|Filed Aug. 24, 1994|
[Dissent Filed .]
Peter Swenson and Sally Swenson, Plaintiffs and Appellants
Jerry Raumin and Roger Raumin, a co-partnership, doing business as Raumin Brothers, and doing business as MRTJ Potato Warehouse, Defendants and Appellees
Civil No. 940036
Appeal from the District Court for Walsh County, Northeast Judicial District, the Honorable Thomas K. Metelmann, Judge.
Opinion of the Court by Neumann, Justice.
David Kessler, P. O. Box 5756, Grand Forks, ND 58206-5756, for plaintiff and appellant; argued by Leo Patrick O'Day, Jr., 2920 Warwick Loop #6, Bismarck, ND 58504.
Letnes, Marshall, Fiedler & Clapp, Ltd., P. O. Box 12909, Grand Forks, ND 58208-2909, for defendant and appellee; argued by Howard D. Swanson.
Swenson v. Raumin
This is an appeal from a grant of partial summary judgment. We dismiss the appeal.
The plaintiffs in this action allege that Peter Swenson, age 55, was injured when he fell from a potato bin while attempting to close a bin door at the Raumin Brothers' potato warehouse where he was employed. Sally Swenson also alleges damages as a result of her husband's injuries.
Peter's job with Raumin Brothers appears to qualify under the farm worker's exemption of North Dakota's Workers' Compensation Act. As a result, the parties' claims are based on both tort and contract law theories.
After Peter's initial hospitalization he individually signed a "Settlement and Full and Final Release of All Claims." This release was prompted by $2,400 offered him by George Loranger, an adjuster for Nodak Mutual Insurance Co. Peter's medical costs allegedly exceed $30,000 now. Peter requests rescission of the release because he signed the release while under the misconception that it was a settlement only for his accrued loss of work. Plaintiffs argue that this misconception is based partially on Peter's lack of education. Peter's formal schooling only extends through the sixth grade.
The Raumin Brothers moved for summary judgment. Peter and Sally responded to this motion with only one affidavit originating from Sally and reciting a portion of the facts surrounding this case. The trial court found that Peter failed to comply with the rules for rescission. Once the grounds for rescission became known, Peter's inaction destroyed his claim. The court then, on its own motion, granted Rule 54(b) Certification. This entry of final judgment against Peter apparently leaves Sally at the trial court level pursuing her consortium claim.1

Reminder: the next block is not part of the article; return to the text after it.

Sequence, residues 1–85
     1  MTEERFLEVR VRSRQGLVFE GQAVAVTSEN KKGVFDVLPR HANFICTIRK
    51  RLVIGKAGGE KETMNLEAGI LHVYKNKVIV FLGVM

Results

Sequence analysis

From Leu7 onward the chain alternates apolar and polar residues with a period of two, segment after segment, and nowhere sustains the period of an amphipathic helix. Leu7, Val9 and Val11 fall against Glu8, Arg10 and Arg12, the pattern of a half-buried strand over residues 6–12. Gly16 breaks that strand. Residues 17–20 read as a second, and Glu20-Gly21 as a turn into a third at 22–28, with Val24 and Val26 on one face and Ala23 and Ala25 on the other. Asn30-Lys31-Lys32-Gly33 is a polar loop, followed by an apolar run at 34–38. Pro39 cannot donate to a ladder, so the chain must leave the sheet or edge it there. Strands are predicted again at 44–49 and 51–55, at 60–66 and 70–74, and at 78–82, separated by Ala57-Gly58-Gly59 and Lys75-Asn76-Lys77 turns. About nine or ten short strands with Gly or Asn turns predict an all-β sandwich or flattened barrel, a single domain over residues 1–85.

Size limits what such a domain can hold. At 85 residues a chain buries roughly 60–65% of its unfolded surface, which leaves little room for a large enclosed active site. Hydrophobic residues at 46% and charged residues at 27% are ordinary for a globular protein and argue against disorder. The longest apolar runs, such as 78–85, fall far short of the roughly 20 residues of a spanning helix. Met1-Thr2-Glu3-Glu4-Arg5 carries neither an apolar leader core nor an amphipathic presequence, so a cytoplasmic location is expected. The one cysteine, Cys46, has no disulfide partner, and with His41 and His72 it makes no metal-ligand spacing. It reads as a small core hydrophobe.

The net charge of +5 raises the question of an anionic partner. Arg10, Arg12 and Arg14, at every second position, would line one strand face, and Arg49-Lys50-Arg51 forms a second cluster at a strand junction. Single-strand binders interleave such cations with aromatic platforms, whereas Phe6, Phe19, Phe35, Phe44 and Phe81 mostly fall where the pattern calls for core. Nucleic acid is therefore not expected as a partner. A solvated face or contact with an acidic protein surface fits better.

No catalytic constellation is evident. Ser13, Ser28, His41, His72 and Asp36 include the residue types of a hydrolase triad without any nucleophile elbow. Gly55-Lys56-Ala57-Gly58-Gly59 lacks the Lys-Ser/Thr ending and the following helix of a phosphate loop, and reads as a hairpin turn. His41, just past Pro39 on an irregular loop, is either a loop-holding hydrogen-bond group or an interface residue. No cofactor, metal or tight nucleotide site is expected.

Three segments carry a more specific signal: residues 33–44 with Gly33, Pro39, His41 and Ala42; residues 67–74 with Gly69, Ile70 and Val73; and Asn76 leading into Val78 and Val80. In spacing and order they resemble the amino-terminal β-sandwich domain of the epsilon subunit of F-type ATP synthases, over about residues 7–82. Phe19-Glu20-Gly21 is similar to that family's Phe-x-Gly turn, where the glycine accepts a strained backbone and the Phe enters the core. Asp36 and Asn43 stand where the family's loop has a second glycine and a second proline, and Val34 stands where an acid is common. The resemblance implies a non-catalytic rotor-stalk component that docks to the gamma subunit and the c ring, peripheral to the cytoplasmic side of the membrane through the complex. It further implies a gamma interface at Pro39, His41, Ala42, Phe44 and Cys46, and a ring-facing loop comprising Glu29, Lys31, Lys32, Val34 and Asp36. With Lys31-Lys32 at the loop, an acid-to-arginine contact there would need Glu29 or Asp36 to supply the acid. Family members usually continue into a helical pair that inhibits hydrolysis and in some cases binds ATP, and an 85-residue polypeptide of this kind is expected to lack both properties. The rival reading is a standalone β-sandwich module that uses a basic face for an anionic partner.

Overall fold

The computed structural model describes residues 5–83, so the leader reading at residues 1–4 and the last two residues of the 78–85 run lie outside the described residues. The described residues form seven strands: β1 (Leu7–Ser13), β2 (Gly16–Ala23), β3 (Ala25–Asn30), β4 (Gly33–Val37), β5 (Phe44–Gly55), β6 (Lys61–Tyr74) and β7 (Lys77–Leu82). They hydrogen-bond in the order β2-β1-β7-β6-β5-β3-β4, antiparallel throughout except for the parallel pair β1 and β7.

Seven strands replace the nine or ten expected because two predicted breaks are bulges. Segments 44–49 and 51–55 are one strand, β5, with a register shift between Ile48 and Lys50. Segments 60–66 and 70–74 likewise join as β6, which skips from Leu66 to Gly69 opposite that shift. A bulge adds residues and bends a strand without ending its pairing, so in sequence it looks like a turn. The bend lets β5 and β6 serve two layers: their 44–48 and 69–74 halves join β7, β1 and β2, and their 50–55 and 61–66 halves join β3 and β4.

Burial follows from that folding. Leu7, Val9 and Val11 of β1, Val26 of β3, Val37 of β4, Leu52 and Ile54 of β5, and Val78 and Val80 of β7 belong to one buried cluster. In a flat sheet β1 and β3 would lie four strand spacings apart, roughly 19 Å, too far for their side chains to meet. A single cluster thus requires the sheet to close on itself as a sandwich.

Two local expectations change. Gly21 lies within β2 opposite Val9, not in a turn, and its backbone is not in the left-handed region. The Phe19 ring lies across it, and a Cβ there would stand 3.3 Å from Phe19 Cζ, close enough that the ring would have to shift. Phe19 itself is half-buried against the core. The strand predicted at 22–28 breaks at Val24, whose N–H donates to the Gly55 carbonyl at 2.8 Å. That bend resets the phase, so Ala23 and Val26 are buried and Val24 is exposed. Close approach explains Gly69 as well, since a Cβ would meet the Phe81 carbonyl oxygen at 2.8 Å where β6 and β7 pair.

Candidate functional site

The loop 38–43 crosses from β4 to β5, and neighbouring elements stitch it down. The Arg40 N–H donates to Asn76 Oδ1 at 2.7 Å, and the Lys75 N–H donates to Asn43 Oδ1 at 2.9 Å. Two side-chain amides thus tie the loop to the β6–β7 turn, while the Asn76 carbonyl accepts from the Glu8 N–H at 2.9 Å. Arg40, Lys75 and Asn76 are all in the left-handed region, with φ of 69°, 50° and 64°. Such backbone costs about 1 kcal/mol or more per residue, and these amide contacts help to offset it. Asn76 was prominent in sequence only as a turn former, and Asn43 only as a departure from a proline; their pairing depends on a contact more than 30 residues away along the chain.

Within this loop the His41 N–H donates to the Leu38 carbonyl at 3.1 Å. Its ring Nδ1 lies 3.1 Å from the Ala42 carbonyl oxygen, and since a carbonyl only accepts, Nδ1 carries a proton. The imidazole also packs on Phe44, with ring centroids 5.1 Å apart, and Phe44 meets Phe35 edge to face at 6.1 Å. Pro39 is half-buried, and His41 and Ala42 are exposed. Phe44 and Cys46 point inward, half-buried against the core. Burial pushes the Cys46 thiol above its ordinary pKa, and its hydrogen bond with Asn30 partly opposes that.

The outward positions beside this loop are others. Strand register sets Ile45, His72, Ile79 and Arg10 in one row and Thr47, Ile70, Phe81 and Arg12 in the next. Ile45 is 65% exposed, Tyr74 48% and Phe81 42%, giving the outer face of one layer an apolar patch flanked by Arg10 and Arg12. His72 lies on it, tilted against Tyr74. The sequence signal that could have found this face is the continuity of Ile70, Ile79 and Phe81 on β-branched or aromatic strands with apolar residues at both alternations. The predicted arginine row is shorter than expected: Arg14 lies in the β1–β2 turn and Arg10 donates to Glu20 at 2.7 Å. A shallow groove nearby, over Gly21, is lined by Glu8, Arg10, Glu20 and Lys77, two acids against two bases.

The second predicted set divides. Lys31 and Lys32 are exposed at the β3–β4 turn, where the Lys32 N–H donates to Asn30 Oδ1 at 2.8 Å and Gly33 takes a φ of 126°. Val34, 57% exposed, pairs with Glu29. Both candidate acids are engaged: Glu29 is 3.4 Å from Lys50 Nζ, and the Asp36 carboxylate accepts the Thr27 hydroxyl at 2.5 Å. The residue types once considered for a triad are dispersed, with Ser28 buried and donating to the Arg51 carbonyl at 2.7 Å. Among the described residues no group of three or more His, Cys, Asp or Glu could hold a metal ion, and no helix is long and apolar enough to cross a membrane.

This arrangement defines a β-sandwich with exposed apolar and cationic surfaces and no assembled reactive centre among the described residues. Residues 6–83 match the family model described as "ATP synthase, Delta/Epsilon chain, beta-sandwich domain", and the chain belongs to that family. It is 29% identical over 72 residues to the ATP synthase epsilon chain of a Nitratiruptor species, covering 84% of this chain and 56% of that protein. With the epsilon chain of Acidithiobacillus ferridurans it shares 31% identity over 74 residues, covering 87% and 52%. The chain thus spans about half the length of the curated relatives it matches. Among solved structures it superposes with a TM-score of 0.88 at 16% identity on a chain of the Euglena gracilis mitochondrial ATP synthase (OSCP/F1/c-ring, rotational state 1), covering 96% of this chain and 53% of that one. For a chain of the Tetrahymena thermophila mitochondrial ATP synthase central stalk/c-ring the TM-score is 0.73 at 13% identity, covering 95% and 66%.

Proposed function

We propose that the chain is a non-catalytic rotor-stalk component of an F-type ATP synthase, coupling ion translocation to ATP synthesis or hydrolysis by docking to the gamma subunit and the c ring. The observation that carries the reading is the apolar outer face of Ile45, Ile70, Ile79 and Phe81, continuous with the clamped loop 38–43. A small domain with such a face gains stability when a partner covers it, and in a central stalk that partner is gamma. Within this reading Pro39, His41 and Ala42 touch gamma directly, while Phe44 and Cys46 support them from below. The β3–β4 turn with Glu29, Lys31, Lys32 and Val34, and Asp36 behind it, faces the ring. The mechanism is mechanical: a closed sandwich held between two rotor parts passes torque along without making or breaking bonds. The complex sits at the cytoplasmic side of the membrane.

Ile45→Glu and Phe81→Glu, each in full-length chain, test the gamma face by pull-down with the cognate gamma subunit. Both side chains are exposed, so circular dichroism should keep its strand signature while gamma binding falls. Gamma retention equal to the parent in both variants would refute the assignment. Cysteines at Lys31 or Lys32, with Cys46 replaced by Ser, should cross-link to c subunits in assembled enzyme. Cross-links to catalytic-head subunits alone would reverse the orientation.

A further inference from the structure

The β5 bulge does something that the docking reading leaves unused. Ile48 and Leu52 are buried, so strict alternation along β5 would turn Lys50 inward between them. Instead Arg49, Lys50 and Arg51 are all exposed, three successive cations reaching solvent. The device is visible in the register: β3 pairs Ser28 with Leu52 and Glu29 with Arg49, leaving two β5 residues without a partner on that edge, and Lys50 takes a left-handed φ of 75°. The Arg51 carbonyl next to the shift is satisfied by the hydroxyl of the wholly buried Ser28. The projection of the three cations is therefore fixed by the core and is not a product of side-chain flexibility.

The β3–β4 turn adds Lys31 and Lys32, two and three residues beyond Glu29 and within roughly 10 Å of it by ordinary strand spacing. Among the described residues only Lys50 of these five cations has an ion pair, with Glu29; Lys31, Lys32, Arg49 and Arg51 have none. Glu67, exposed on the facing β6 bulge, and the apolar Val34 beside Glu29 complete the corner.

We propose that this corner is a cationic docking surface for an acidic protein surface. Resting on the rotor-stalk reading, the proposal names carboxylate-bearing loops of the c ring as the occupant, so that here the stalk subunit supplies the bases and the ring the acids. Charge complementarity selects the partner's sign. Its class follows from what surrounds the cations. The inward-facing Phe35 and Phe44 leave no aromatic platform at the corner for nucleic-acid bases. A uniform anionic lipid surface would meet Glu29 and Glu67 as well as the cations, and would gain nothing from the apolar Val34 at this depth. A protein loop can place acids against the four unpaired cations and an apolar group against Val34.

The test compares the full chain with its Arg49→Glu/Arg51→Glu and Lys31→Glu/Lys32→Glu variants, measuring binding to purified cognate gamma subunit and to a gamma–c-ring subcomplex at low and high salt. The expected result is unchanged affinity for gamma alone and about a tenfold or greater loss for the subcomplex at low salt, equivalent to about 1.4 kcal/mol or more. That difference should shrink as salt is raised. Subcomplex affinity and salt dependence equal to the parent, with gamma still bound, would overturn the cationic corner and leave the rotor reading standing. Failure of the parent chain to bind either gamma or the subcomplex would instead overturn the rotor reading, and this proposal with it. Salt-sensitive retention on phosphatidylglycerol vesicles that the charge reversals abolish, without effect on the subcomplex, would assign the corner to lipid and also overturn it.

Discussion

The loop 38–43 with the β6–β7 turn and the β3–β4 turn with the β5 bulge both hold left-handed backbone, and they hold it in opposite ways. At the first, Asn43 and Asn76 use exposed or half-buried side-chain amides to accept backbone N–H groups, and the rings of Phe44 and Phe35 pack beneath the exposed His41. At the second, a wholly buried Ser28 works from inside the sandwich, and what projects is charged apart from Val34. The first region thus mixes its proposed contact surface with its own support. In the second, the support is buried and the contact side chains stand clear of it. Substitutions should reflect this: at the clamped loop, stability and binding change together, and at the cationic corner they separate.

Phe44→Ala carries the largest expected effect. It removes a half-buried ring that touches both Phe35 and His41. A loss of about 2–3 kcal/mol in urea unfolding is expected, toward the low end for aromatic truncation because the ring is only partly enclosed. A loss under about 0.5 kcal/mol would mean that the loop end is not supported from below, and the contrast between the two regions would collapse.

Before passing on the validity of the trial court's conclusion, this court "will sua sponte review the court's certification to determine if the court has abused its discretion." Union State Bank v. Woell, 357 N.W.2d 234, 236 (N.D. 1984). "Even if the trial court does make the requisite determination under Rule 54(b), we are not bound by the court's finding that 'no just reason for delay exists.'" Id. This court has consistently stated that the purpose of Rule 54(b) is to avoid piecemeal appeals of multiclaim litigation and therefore places the burden on the party seeking immediate review to establish extraordinary circumstances or that unusual hardship would result in the absence of
this review. Imperial Oil of North Dakota, Inc. v. Hanson, 510 N.W.2d 598, 601 (N.D. 1994). "Rule 54(b) certifications are not to be entered routinely or as a courtesy or accommodation to counsel." Buurman v. Central Valley Sch. Dist., 371 N.W.2d 146, 149 (N.D. 1985).
In its certification the "trial court did not delineate any unusual or compelling circumstances in this case requiring judicial review before all claims are resolved against all parties. The parties did not present any evidence or argument to demonstrate that someone would suffer hardship or prejudice if early review is denied." Bjornson v. Guaranty Nat. Ins. Co., 510 N.W.2d 622, 624 (N.D. 1994). The only perceivable harm would be that, in the event of reversal, a second trial may be necessary. When a trial court's interlocutory order is reversed on final appeal, and that reversal necessitates a second trial, the conservation of resources expended therein will not, on its own, be sufficient injury to prompt Rule 54(b) certification. Imperial Oil of North Dakota, Inc., 510 N.W.2d at 601.
Neither the parties nor the judge identify any persuasive reasons supporting the Rule 54(b) certification. Therefore, the certification was improvidently granted.
The appeal is dismissed.
William A. Neumann
Herbert L. Meschke
Dale V. Sandstrom
Gerald W. VandeWalle, C.J.
1 We recognize that this court has not yet formally passed upon the independent nature of consortium claims, though such a conclusion is strongly suggested in Meyer v. North Dakota Workers' Compensation Bureau, 512 N.W.2d 680, 683 (N.D. 1994). We have held, however, that loss of consortium claims must be joined with the underlying action absent a compelling reason why they should not be. Butz v. World Wide Inc., 492 N.W.2d 88, 91 (N.D. 1992). This issue was neither briefed nor argued and, therefore, is not considered here.
Levine, Justice, dissenting.
In Butz v. World Wide, Inc., 492 N.W.2d 88, 91, (N.D. 1992), we proclaimed that "the best approach to loss of consortium claims in North Dakota" is to "require joinder when possible." Doubtless, that edict inspired the trial judge to certify an immediate appeal under Rule 54(b). I would consider the merits of this appeal. I, therefore, dissent.
Beryl J. Levine